Santos-Lozano A.,University of Leon |
Santos-Lozano A.,Hospital Universitario 12 Of Octobre |
Sanchis-Gomar F.,Hospital Universitario 12 Of Octobre |
Pareja-Galeano H.,European University at Madrid |
And 7 more authors.
Rejuvenation Research | Year: 2015
The world population is continuously aging, and centenarians may be considered to be the most successfully aged individuals. Among people who reach extreme longevity (EL; i.e., > 95 years), supercentenarians (SCs; aged ≥ 110 years) represent a subgroup of great scientific interest. Unfortunately, data on the worldwide distribution of SCs remain scarce. Therefore, this study was designed to investigate this issue. Current available data indicate that Japan is the country with the highest number of currently alive SCs. Interestingly, Puerto Rico would show the highest prevalence of SCs among people who reach EL (approximately one SC per 10,000 inhabitants aged ≥ 95 years), although data on this country must be intrepreted with caution owing to potential methodological limitations, mainly related to its small population. Our findings highlight the need to investigate in greater detail the genetic and lifestyle background of SCs, with the ultimate goal of unraveling new potential mechanisms underlying human EL. © Mary Ann Liebert, Inc. Source
Pearson and Kearns-Sayre syndromes: Two multisystem mitochondrial diseases caused by mitochondrial DNA deletions [Síndromes de Pearson y de Kearns-Sayre: Dos enfermedades mitocondriales multisistémicas, debidas a deleciones en el ADN mitocondrial]
Martin Hernandez E.,Hospital Universitario 12 Of Octobre |
Garcia Silva M.T.,Hospital Universitario 12 Of Octobre |
Quijada Fraile P.,Hospital Universitario 12 Of Octobre |
Martinez De Aragon A.,Hospital Universitario 12 Of Octubre |
And 2 more authors.
Acta Pediatrica Espanola | Year: 2010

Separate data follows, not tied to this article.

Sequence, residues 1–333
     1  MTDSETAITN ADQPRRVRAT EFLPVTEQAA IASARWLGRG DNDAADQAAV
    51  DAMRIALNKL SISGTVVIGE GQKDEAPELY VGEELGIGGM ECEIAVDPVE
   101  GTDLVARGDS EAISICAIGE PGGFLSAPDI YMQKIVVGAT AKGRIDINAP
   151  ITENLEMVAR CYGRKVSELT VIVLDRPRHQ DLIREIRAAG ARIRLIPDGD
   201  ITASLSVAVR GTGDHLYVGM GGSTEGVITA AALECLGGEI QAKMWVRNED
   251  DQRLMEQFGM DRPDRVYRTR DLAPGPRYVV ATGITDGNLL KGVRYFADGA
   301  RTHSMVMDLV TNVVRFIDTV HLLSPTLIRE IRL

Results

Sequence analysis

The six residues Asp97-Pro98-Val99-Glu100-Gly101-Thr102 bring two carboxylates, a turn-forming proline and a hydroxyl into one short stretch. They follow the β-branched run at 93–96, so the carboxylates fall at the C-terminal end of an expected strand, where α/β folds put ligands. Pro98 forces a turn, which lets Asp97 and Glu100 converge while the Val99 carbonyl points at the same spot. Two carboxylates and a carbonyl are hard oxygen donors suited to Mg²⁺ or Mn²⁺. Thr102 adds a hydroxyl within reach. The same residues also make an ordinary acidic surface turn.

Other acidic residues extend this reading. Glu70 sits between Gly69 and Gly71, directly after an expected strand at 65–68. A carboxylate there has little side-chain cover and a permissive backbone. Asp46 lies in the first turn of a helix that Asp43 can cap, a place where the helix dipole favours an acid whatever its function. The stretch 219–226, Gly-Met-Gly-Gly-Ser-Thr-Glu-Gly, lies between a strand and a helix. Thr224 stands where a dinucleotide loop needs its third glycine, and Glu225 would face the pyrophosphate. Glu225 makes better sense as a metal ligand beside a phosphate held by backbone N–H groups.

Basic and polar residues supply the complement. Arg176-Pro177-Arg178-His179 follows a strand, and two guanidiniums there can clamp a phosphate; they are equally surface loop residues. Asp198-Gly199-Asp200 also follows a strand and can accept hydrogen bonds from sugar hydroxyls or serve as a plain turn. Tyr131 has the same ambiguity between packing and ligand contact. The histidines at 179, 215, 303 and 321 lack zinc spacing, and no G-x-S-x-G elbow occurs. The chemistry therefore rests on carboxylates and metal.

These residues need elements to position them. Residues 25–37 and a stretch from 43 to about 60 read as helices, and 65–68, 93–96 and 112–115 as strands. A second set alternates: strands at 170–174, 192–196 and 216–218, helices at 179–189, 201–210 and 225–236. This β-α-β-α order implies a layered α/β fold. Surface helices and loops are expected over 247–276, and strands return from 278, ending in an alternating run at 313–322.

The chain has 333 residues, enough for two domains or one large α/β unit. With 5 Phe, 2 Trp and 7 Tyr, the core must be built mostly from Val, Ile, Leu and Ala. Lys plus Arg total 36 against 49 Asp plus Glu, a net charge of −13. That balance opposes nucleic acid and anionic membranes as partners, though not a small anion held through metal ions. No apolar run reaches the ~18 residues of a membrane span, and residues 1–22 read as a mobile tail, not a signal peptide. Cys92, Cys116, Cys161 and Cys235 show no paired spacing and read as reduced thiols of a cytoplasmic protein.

Kearns-Sayre (KSS) and Pearson syndromes are both multisystem mitochondrial diseases whose underlying genetic defect is a single large-scale mitochondrial DNA (mtDNA) deletion. Objectives: To describe the clinical spectrum of KSS and PS, with the object of spreading the knowledge of these disease to the pediatricians. Patients and methods: We reviewed the clinical notes of 6 patients diagnosed with KSS and 3 patients initially diagnosed with PS. Results: The age at the onset was lower in PS patients. First appearing symptoms were hematological (anemia), followed by renal (Fanconi) and digestive involvement (pancreatic insufficiency). Ophthalmological, endocrinological, cardiological and neurological symptoms were manifested at later stages. Four patients required pacemaker implantation. Six showed cerebral and/or brain stem involvement in MRI. CSF analysis showed increased levels of both lactic acid and proteins whereas folate levels were diminished. Half of the KSS patients showed ragged-red fibers and COX negative fibers in their skeletal muscle. A large-scale mtDNA deletion was found in eight patients. Conclusions: 1. The most remarkable differences between PS and KSS were the age at presentation and the initial clinical symptoms; symptoms during evolution, and biochemical, neuroradiological and genetic findings were similar in both disorders, 2. Mitochondrial diseases should be included in the differential diagnosis of the Fanconi syndrome, growth hormone deficiency and cardiac conduction disorders. A single large-scale mtDNA is essential to confirm the diagnosis. Source